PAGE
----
Everyone who has seen Lotfy Nathan’s 12 O’Clock Boys seems to cite the dirt bike rides as the highlight of the doc. The film focuses on three years in the life of a boy named Pug as he tries to join the titular group of men who illegally ride off-road motorcycles and ATVs on the streets of Baltimore, and there’s some great slow-motion shots of these 12 O’Clock Boys (named for the way they like to speed vertically pointed up at the 12 o-clock position) as well as three thrilling action sequences involving police intervention and chase. Another notable scene is the ending, which I won’t give away but just say it’s a brilliantly creative structuring of the moment.
My favorite part in the film, though, is when Pug’s aunt appears. Here’s her dialogue: “Pug, why you didn’t tell me you got chased by the 5–0 today? I want to know what happened. [She addresses Nathan.] See, he don’t tell me the good stuff. ’Cause I’m the aunt. [Back at Pug.] Tell me what happened. [Pug responds, but I couldn’t catch what he says.] No, I just need to know that you’re safe, because I don’t like you to be in no trouble. I worry. My nerves are bad. [Pug tells her what happened and she concernedly addresses how the police aren’t supposed to chase the riders.] I just want you to slow down. You make my nerves bad.”
There’s some natural contradiction in the way she deals with Pug’s riding. Clearly she is worried about him (and also worried about what the cops might do) but she is also apparently excited by what he’s doing. The way she smiles when she calls the trouble “the good stuff” indicates that she has an added level of interest, one of a spectator (or whatever the equivalent pertaining to listening rather than watching is), along with her role as a caring relative.
This aligns her with both Nathan and the film’s audience in that we especially want to watch the physical danger of the sport and also the legal danger of its criminality and yet we also don’t want anyone (particularly Pug) to get hurt or arrested, nor do we necessarily want to root for any wrongdoing. Or at least we don’t want to feel like we’re doing so, as we may attempt to justify that it’s just riding dirt bikes and that it’s better than these guys being drug dealers.
On the one hand, the conflict of enjoying something that we believe is not right is a constant dilemma for documentary, made difficult perhaps by how we can rationalize equivalent material in fiction. On the other hand, 12 O’Clock Boys fits into the ongoing conversation, in and out of documentary, about extreme sports. This doc is not that unlike The Crash Reel except that it involves an illegal sport rather than one validated by a multi-million-dollar industry, as well as of course by the Olympics.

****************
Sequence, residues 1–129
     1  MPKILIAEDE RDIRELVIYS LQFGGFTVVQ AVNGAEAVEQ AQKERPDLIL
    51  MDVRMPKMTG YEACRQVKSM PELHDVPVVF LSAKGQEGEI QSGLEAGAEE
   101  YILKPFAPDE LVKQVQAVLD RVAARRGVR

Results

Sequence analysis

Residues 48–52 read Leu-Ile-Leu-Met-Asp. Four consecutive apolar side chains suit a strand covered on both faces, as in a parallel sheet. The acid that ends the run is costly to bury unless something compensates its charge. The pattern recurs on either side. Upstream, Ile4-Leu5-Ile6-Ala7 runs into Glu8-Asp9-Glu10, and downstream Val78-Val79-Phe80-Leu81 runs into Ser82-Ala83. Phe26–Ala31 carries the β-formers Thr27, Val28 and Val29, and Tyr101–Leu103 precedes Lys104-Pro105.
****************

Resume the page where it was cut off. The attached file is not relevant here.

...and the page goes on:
There’s one small kid in 12 O’Clock Boys who addresses the camera while his arm is in a sling boasting about how he’s been riding since age five or six. He tells of hitting a tree and being knocked unconscious, his collarbone broken, his face fractured and his teeth knocked out. But in a couple weeks, he says, he’ll be out there again. Hardly as serious as the brain injury of Kevin Pearce in The Crash Reel, but that addiction to the adrenaline rush for these guys, where they’ll get right back on the bike after nearly being killed, is the same thing. And our encouragement through watching is also equal.
Lucy Walker, director of The Crash Reel, has acknowledged the issue of us being complicit in the risk of extreme sports by watching them, though her film is neither anti-snowboarding nor pro-, and I’ve come to accept its concluding content of archival footage of Pearce performing undeniably impressive stunts on a half-pipe as leaving us to think about how we look at that footage now. Nathan has likewise addressed how his film does seem to endorse the activity he documents, but he claims he’s not exactly in favor of what the 12 O’Clock Boys do and says his greatest moral quandary was the chance that filming Pug was influencing the kid to keep with the riding. Still, the film itself neither means to support the pastime nor support its critics or enforcers of the law against it.
Documenting something doesn’t mean you endorse it, but oftentimes taking a stance of neutrality and distance can feel like a cop-out. Walker and Nathan are anything but lazily taking the passive indifference angle; they both include hints if not direct professions of how complex this sport and spectacle relationship is and how their films are up inside the matter rather than off to the side.